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Kirin asks Ayato to a rematch to serve as the first step on her freshly paved path to betterment and happiness. And it’s a very awesome duel at that, with Kirin displaying her usualy mastery of swordsmanship, but Ayato besting her by continually switching up his weapons from sword to spear to daggers, and finally to his bare hands, which she was open for. She’s soundly beaten, but when the match ends she’s smiling ear-to-ear, because it’s her loss, not her uncle’s, and it was also a valuable learning experience.

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After the match, Kirin asks if she can join Ayato, Julis and Saya’s training sessions after all, no longer bound to isolation, which one could argue had stifled her exposure to fighting styles and led to her loss. She’s determined to become stronger so she can save her father. I assume winning a Festa or three would give you enough clout to request sentencing modifications for family members, otherwise, wouldn’t Kirin be better served studying law?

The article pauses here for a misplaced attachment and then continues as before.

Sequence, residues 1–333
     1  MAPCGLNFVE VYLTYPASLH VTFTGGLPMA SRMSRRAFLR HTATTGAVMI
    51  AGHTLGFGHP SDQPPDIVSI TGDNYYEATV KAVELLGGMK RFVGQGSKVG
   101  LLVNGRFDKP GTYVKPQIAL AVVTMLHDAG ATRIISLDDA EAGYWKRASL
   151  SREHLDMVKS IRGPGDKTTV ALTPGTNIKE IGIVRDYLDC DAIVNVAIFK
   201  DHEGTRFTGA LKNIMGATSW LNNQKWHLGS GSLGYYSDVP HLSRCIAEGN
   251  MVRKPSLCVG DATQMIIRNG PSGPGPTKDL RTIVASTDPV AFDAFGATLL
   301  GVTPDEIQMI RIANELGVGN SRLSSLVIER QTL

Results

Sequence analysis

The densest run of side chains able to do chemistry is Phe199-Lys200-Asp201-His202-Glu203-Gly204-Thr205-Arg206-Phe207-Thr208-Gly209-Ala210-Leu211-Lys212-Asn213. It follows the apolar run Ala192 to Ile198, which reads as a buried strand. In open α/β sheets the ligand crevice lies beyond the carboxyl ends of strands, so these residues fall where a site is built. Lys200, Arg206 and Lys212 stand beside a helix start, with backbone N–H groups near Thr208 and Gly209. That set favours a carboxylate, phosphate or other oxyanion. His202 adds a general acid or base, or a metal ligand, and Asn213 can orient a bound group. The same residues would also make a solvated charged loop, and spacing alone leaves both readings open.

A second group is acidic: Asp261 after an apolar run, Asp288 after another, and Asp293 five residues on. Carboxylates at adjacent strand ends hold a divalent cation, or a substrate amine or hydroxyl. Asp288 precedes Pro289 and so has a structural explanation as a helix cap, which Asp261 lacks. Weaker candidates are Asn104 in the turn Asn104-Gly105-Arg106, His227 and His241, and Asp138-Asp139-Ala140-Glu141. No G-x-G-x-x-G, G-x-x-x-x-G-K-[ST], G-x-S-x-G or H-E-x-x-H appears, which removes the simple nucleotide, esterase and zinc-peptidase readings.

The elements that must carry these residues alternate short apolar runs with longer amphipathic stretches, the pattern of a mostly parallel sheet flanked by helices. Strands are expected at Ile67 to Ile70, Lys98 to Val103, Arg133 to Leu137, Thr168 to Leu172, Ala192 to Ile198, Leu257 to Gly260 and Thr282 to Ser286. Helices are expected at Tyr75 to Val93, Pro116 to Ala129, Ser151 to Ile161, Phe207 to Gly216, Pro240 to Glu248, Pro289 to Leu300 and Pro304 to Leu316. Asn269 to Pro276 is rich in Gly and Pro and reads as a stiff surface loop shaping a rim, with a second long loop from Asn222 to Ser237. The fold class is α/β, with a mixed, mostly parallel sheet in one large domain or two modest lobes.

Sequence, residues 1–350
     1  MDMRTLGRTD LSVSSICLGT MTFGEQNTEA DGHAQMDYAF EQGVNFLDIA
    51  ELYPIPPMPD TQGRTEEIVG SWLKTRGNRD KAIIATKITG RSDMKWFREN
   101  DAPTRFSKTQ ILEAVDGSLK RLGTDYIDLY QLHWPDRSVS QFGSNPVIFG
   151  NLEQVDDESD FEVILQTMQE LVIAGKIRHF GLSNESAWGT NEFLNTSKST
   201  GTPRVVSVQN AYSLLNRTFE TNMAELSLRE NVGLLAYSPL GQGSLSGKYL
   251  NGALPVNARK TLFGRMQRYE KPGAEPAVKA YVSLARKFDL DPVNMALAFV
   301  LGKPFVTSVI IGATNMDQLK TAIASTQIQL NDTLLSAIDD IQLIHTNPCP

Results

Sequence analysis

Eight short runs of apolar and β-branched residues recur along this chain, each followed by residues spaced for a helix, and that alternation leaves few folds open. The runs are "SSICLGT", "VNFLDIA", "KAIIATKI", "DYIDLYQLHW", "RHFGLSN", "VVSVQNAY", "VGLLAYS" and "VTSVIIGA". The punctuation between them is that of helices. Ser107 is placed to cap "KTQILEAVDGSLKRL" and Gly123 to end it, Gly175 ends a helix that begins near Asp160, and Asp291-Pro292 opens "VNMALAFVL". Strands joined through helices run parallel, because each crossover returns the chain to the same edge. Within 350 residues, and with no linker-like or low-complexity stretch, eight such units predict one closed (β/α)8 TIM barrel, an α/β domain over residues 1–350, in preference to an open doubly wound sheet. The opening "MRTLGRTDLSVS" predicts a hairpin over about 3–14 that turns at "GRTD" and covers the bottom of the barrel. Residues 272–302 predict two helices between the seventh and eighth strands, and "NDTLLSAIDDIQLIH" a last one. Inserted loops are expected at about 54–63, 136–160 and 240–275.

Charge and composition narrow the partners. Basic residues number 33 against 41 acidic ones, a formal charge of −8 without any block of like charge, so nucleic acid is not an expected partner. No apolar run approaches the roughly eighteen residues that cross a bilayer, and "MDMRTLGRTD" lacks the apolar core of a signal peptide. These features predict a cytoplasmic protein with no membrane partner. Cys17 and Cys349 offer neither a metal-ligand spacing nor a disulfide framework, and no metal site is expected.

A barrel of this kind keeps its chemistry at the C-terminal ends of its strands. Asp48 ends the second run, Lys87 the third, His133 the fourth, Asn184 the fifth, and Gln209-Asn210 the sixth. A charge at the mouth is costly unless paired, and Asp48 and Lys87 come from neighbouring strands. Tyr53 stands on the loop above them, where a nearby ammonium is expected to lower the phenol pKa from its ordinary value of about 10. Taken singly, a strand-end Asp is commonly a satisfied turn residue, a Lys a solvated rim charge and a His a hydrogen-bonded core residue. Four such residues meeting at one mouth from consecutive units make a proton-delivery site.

Her uncle shows up one more time, but Kirin doesn’t waver in reiterating she no longer intends to let him use her. She’s also backed up by Ayato, who blocks one of the uncle’s cowardly cheap shots for her, and by Claudia, who promises she won’t take kindly to someone trying to sabotage or corrupt one of her beloved students…and her high-ranking mom will hear of any attempts.